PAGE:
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Summer hearing risks

Don’t let your summer fun affect your hearing health. Check out our tips for protecting your hearing from noise, moisture and infections.

Noise Exposure

According to the National Institute on Deafness and Other Communication Disorders, one in three Americans have noise-induced hearing loss (NIHL). Summer presents plenty of opportunities to expose your ears to dangerous volumes that cause permanent damage. Any sound louder than 85 decibels puts you at risk of hearing loss.

Dangerous summer sounds include:

  • Lawnmowers: 90 decibels
  • Power tools: 87 to 94 decibels
  • Motorcycles: 96 to 105 decibels
  • Outdoor concerts and sporting events: 105 to 110 decibels
  • Leaf blowers: 110 decibels
  • Chainsaws: 80 to 115 decibels
  • Jackhammers: 130 decibels
  • Fireworks: 160 decibels

You can protect your hearing by wearing earplugs, which you can find at almost any drugstore. Disposable earplugs are available in foam, plastic and silicone options. But you may want to invest in custom hearing protection or earmuffs if you want a more secure fit.

Distance yourself from loud sounds and monitor the noise levels of your surroundings. There are several free decibel-tracking apps for smartphones.

Swimmer’s Ear

This infection of the outer ear and ear canal occurs when bacteria-infested water gets lodged in the ear. It is extremely common and can be caused by swimming or showering.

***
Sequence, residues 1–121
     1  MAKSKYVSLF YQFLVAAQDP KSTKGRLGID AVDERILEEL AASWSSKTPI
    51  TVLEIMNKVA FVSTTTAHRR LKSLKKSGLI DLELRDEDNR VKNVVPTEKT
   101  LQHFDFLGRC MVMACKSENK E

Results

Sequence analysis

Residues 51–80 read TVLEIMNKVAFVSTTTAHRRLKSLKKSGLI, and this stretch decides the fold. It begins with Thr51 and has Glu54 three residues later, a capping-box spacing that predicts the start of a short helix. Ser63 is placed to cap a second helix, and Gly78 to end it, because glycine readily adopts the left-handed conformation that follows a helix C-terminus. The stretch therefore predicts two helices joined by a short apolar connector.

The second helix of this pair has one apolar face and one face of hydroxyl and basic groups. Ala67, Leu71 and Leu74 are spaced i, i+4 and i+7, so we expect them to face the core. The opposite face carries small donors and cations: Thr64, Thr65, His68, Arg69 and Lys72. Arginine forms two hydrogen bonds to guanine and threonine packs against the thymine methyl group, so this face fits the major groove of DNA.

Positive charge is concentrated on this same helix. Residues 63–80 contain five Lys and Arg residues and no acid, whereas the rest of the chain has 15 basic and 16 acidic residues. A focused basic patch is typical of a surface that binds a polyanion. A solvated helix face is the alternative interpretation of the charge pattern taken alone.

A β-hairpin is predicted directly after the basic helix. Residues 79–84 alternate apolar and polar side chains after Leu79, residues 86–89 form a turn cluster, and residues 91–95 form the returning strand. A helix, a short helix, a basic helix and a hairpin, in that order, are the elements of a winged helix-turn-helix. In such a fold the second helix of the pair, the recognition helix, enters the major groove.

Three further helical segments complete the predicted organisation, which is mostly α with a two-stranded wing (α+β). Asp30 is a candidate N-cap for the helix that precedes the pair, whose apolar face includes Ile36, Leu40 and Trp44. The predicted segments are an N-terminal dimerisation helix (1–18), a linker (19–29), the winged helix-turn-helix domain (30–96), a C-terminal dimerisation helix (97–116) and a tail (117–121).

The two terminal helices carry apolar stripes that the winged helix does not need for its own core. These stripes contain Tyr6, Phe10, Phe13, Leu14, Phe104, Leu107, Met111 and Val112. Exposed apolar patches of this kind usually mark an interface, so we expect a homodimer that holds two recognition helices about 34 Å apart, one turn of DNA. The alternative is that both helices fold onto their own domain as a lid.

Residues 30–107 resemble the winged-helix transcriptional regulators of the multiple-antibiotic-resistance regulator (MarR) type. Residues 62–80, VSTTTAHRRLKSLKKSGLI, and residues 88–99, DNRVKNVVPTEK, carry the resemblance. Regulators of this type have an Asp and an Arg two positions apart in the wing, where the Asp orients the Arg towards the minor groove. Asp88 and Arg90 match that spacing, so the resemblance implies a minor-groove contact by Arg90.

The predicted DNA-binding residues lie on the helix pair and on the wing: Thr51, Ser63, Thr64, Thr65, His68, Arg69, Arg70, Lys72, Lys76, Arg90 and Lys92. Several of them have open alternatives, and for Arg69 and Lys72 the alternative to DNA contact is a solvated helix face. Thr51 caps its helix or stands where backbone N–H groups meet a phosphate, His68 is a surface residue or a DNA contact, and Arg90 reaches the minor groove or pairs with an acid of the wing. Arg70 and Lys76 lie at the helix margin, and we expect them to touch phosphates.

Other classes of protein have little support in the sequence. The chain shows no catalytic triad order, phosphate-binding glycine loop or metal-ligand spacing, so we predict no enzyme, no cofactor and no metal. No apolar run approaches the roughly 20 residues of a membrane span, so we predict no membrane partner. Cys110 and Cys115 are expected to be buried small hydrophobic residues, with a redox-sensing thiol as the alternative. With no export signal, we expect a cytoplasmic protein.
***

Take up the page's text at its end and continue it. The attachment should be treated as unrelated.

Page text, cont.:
Symptoms include:

  • Itching
  • Redness on the outer ear
  • Ear pain
  • Swelling in the ear
  • Muffled hearing or hearing loss
  • Fluid drainage

Repeated infections can permanently damage the hair cells in your ears that send sound signals to your brain. It’s important to thoroughly dry your ears after you’ve been in the water. Tilt your head to each side and allow moisture to drain from your ear canal before wiping them with a clean towel or cloth.

Hearing Aid Risks

Warmer weather means more humidity which can create moisture build-up on hearing aids. Excess moisture can damage wiring, receivers and mics. It can also cause corrosion on battery connections.

You may need to remove hearing aids or wear a swim cap if you’re swimming, water-skiing, boating or jet-skiing. Implementing daily hearing aid maintenance will also help lower the risk of damage.

Here are some tips for keeping hearing aids dry:

  • Wipe hearing aids down each night with a clean, dry cloth.
  • Open battery compartments and use a cotton swab to clear away moisture or corrosion. Leave the compartment open overnight to dry completely.
  • Use a puffer or hairdryer on a low, cool setting to expel moisture from hearing aid tubing.
  • Place hearing aids in a dehumidifier to eliminate any remaining moisture.

Audiology & Hearing Services of Charlotte is committed to providing comprehensive hearing services and treatment. Call 704-412-7975 or contact us online to schedule your appointment.

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